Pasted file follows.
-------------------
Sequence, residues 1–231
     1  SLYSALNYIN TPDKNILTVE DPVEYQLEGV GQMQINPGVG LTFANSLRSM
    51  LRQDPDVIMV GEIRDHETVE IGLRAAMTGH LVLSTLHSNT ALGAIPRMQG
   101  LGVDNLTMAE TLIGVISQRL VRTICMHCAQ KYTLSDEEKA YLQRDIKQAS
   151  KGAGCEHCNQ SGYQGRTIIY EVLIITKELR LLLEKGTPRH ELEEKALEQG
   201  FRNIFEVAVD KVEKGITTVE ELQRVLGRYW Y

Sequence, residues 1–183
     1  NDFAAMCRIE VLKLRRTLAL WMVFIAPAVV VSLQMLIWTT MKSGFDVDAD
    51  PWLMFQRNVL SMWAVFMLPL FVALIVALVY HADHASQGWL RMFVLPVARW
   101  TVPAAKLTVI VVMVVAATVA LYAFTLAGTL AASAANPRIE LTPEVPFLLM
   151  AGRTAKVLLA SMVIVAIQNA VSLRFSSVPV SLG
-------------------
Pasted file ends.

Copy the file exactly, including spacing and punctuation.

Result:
Sequence, residues 1–231
     1  SLYSALNYIN TPDKNILTVE DPVEYQLEGV GQMQINPGVG LTFANSLRSM
    51  LRQDPDVIMV GEIRDHETVE IGLRAAMTGH LVLSTLHSNT ALGAIPRMQG
   101  LGVDNLTMAE TLIGVISQRL VRTICMHCAQ KYTLSDEEKA YLQRDIKQAS
   151  KGAGCEHCNQ SGYQGRTIIY EVLIITKELR LLLEKGTPRH ELEEKALEQG
   201  FRNIFEVAVD KVEKGITTVE ELQRVLGRYW Y

Sequence, residues 1–183
     1  NDFAAMCRIE VLKLRRTLAL WMVFIAPAVV VSLQMLIWTT MKSGFDVDAD
    51  PWLMFQRNVL SMWAVFMLPL FVALIVALVY HADHASQGWL RMFVLPVARW
   101  TVPAAKLTVI VVMVVAATVA LYAFTLAGTL AASAANPRIE LTPEVPFLLM
   151  AGRTAKVLLA SMVIVAIQNA VSLRFSSVPV SLG